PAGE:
A third fewer climbers will be allowed to attempt Everest from the north this year as China plans a major clean up of the world's highest peak.

The total number of climbers allowed to try to conquer the mountain from the north will be limited to fewer than 300 and the climbing season will be restricted to the spring, state media reported.

The clean up will also include the recovery of bodies of climbers who have died on the upper reaches of the 29,035ft mountain.

The popularity of the mountain as a once-in-a-lifetime challenge attracts growing numbers of climbers, but there are concerns they are turning it into a high-altitude tip.

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Mountaineers complain the slopes are now strewn with discarded oxygen bottles and rubbish.

China has set up stations to sort, recycle and break down waste from the mountain, which includes cans, plastic bags, stove equipment, tents and oxygen tanks.

Parts of Everest are in China and Nepal and thousands flock to the mountain each spring and autumn when climbing conditions are at their best.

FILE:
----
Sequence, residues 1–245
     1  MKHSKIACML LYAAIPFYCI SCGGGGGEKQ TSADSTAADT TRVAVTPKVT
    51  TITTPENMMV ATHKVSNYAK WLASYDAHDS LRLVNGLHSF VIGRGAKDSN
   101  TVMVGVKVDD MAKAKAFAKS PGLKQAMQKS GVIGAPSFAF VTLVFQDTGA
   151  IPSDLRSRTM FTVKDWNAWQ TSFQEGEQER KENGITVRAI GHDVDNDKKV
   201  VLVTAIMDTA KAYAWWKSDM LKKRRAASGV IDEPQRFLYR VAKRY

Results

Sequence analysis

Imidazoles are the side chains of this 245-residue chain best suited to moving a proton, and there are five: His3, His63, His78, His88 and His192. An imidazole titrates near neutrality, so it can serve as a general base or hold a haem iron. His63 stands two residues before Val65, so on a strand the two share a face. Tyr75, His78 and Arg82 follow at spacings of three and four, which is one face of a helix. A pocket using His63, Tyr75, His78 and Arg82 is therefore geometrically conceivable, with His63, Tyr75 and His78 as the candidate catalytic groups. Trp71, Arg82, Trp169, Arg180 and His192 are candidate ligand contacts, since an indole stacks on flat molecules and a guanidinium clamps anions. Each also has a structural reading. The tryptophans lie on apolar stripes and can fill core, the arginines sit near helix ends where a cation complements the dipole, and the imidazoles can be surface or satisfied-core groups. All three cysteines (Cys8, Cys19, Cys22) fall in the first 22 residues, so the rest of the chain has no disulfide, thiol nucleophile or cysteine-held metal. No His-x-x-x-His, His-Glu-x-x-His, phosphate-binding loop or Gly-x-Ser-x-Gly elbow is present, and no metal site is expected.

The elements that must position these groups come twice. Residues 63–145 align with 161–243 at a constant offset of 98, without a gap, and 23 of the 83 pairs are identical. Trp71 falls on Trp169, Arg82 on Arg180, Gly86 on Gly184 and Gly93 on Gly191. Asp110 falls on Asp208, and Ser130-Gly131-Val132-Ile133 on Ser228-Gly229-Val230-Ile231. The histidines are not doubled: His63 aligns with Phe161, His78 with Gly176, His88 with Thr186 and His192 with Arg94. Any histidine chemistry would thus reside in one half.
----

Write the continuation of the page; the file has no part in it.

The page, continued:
Each year, about 60,000 climbers and guides visit the Chinese north side of the mountain, which China refers to by its Tibetan name, Mount Qomolangma.

Authorities on both sides of the mountain have tried different schemes to try to clean up the junk left behind.

Chinese officials last summer said they had removed eight-and-a-half tonnes of rubbish, including large amounts of human excrement, from the mountain. In the past the Indian army has cleaned up tonnes of rubbish on the Nepalese side, where expedition organisers have begun sending huge bin bags with climbers during the spring climbing season to collect waste that then can be winched by helicopters back to the base camp.

A clean up campaign led by Nepalese sherpas last year aimed to airlift 100 tonnes of rubbish from the mountain.

In 2017, 648 people summited Everest, including 202 from the north side, according to the nonprofit Himalayan Database. Six people were confirmed to have died on the mountain that year, one of them on the north side.

Everest claims multiple victims each year, often in the "death zone" above 8,000 metres (26,246 feet), where the air is too thin to sustain human life.

The large numbers now attempting to scale Everest has also raised concerns about overcrowding and the lack of climbing experience held by some of the visitors.

Mountaineers have complained of a rise in dangerously inexperienced climbers attempting to reach the summit, while others have to wait in "traffic jams" and bottlenecks on busy parts of the mountain.

This article originally appeared on the Daily Telegraph.